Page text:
Available formats: epub
Glen Craney is an award-winning novelist, screenwriter, journalist, and lawyer. The Academy of Motion Pictures, Arts and Sciences awarded him the Nicholl Fellowship for best new screenwriting. His debut novel, The Fire and the Light, was named Best New Fiction by the National Indie Excellence Awards and an Honorable Mention winner by Foreword Magazine for its Book of the Year in historical fiction. He lives in southern California.
on July 04, 2014 :
An adventure end-of-the-world epic that spans centuries. This historical mystery is told in two separate storylines, one during the Age of Exploration and the other in contemporary times. Religious fanatics, spies, government conspiracies, and beautiful landscapes are included throughout. The author did some serious research. Perfect for Dan Brown or Steve Berry fans.
LT Member Giveaways
(reviewed long after purchase)
on July 01, 2014 :
Review of The Virgin of the Wind Rose by Glen Craney
This novel intertwines the story of two groups of seekers, one historical and one in the present day, who foresee the End Days. Craney's research into history, geography, religions, mythology, and cryptography is mind-boggling in its scope, but his efforts to bring it all together into one thriller required more than this reader's “willing suspension of disbelief” could manage. The ideas and locations are intriguing, but the speed at which his protagonist must calculate, translate, travel, repeat is not believable. One palindromic square provides clue after clue, each discovered at just the right moment and in just the right circumstances. The protagonist herself is a lawyer working in the upper echelons of Washington, but who is also naive and gullible, yet capable of making mental leaps and bounds in the twinkling of an eye when it comes to codes, all while failing to grasp what is going on in her own life.
The thriller was provided to me by Library Thing as a Member Giveaway, in exchange for an honest review. All in all, The Virgin of the Wind Rose is an impressive collection of research and imagination that becomes too convoluted to work as a novel.
(reviewed long after purchase)
on May 14, 2014 :
VIRGEN OF THE WIND ROSE, THE
by Craney, Glen
a novel of espionage in the end times
Jaqueline is a literalist Christian involved in an evangelical group that believes in the rapture. She leans on the Rev. Merry for support, admires and trusts him. As the book opens she is waiting for the return of her fiance, Paul. But Paul doesn't return; he has been murdered in Ethiopia, not even the place where Jaqui thought he was. Determined to find out the truth about what happened and who he really was, Jaqui, an employee of the State Department USA heads to Ethiopia despite protests and warnings from her work superiors. From here, rather than resolving anything, her questions multiply and she feels driven to pursue the answers in the Middle East, the USA and even Canada. Her emotions become complicated when she meets a stranger in a church crypt in Ethiopia, at once threatening and attractive.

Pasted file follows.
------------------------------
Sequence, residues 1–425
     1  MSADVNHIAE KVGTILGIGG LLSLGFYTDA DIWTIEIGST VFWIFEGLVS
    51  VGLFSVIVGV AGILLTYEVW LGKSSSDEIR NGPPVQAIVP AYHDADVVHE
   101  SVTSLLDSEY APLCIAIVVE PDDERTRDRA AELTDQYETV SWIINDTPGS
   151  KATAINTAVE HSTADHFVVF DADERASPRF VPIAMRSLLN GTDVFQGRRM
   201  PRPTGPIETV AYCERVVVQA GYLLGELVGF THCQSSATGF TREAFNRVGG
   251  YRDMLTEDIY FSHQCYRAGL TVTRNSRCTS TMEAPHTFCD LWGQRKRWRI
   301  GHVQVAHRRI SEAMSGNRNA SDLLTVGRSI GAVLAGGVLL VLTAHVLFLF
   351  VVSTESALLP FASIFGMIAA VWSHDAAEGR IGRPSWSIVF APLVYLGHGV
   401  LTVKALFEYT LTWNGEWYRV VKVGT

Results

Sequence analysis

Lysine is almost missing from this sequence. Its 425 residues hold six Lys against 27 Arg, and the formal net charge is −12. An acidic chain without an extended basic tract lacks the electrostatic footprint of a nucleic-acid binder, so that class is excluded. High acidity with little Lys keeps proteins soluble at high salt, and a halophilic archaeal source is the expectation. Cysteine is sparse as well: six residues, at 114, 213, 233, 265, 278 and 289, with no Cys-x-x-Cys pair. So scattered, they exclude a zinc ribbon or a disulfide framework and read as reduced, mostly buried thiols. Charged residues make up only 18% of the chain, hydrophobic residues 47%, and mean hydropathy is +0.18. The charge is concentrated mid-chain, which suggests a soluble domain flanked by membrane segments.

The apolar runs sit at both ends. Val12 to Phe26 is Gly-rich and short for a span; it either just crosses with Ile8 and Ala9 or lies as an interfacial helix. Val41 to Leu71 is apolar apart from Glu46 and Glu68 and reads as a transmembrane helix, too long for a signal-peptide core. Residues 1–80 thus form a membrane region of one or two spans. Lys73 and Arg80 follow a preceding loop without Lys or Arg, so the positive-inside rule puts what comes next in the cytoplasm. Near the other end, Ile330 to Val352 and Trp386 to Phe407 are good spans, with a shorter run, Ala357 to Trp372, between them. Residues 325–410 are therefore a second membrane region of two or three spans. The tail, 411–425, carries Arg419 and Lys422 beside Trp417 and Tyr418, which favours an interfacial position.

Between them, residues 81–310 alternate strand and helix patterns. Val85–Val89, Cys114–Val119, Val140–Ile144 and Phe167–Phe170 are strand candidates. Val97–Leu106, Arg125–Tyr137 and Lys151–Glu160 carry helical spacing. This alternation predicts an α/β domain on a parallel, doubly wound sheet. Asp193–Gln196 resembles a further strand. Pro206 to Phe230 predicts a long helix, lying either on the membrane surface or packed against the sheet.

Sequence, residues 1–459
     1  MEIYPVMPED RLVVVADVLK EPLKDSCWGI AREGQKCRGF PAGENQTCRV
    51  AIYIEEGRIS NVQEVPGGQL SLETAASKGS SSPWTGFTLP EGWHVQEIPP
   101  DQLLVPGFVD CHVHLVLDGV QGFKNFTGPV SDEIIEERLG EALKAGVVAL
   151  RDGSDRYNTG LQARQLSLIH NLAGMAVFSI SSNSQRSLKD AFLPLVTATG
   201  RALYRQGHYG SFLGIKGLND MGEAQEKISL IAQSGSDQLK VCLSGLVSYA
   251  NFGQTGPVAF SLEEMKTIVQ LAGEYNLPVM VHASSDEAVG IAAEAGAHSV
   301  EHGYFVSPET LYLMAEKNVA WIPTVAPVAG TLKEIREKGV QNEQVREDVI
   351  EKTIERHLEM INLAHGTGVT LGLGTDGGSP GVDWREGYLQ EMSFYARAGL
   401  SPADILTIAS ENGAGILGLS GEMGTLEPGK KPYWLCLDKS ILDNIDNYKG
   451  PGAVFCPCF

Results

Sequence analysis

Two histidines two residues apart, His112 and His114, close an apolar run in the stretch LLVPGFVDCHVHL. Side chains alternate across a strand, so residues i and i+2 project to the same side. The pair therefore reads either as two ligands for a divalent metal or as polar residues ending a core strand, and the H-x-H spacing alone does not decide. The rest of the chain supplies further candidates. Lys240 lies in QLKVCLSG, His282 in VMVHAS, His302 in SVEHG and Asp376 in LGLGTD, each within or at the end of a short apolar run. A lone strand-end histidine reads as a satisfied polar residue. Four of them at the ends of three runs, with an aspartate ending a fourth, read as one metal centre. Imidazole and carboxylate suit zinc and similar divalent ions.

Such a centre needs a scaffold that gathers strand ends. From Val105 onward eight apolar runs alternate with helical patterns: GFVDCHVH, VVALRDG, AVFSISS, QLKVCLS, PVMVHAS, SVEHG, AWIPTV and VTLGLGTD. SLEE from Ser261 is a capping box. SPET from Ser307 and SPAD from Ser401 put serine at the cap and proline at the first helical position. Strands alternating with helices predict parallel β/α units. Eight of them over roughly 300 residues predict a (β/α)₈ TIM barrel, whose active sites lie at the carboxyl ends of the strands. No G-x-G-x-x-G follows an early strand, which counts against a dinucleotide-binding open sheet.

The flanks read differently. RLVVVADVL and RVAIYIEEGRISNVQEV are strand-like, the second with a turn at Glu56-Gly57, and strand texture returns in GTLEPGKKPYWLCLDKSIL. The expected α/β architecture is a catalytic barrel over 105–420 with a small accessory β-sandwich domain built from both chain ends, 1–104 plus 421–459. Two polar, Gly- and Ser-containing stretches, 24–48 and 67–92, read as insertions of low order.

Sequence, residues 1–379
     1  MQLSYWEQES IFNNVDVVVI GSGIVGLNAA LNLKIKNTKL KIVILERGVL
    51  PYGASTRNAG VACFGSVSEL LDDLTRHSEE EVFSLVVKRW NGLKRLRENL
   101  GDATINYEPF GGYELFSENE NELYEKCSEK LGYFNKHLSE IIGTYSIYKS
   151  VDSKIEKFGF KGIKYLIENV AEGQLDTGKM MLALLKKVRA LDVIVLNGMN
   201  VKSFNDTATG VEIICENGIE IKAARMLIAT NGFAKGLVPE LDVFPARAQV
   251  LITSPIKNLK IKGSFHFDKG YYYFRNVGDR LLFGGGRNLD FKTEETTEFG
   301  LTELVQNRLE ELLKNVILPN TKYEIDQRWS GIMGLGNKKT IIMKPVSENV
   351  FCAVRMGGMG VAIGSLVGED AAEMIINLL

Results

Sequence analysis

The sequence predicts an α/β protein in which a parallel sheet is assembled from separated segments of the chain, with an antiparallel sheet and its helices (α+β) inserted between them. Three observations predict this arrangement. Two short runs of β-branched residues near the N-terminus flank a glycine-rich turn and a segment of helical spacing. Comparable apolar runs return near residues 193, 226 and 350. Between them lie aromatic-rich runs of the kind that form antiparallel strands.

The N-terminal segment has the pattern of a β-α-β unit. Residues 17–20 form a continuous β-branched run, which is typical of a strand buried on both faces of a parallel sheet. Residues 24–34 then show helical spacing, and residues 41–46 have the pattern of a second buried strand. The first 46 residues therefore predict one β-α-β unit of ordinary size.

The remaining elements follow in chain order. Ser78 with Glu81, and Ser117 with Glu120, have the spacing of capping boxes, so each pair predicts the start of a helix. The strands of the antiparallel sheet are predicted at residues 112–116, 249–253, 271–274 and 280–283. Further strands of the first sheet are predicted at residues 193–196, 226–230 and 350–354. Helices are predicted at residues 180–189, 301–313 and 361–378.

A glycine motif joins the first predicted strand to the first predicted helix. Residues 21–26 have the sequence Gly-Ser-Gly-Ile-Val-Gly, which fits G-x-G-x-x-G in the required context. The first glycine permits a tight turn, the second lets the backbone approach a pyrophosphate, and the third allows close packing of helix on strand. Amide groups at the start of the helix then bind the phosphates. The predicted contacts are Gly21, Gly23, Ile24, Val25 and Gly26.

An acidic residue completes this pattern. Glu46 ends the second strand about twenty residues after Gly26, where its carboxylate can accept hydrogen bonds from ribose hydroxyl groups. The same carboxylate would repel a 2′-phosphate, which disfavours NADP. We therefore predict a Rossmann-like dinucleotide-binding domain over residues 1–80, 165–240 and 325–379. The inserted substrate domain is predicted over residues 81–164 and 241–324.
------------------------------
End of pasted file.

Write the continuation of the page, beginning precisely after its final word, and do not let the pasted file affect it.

In a parallel story, three young men, members of the Order of Christ in thirteenth century Spain and Portugal engage in a plot for the Portuguese king against Spain in a quest to find India and all her riches before the Spanish do. That is what the Portuguese want Spain to think, anyway. The story is an entanglement of secret agents, Queen Isabella, peremptory deaths and betrayals and the struggle to succeed.
The mystery surrounds, on the one hand, what happened in history around the discovery of the New World, Christopher Columbus, and a quest to discover the Jewish Ark of the Covenant, hidden after the Roman destruction of the Jerusalem Temple; and, on the other hand, the modern belief based on prophecy that the Temple must be rebuilt in its original site, the Ark restored, and sacrificial rituals resumed before the End Time can come. Much of the mystery relies upon the deciphering of codes left by generations of descendants committed to protecting the secret location of the Ark of the Covenant.
Craney's writing is direct and well-paced. The characters are believable and well motivated. The historical material feels realistic and true to its era. Readers who are interested in cryptology will love this book, as may espionage and romance-suspense readers, the latter as long as they don't require that all will turn out well in the end. Some of the plot needs the suspension of belief when an international art thief moves about the world with ease, as well as our protagonist who both manages movement as well as figuring out the codes fairly rapidly, albeit step by step. The plot development intrigues, especially for those who can process and remember where we are in the decoding process. The serious reader might wish to keep a notebook by his/her side.
We gain insight into the murky world of interfaith relations from the times of peaceful co-existence to the Inquisition to the modern-day tensions of the Middle East. In this context we see how really closely related we all are, and how the strains of Judaism, Muslim and Christian intertwine in our own geneologies. Particularly, we have the opportunity to reflect on how powerful and would-be powerful people manipulate our racial and ethnographic differences in order to divide and conquer. In between the lines we can see the folly of humankind allowing itself to be so manipulated and a remote possibility of an ever-receding peace.
Craney's book provides much entertainment, historical imagination and insight, as well as fodder for serious reflection on current events.
(reviewed within a month of purchase)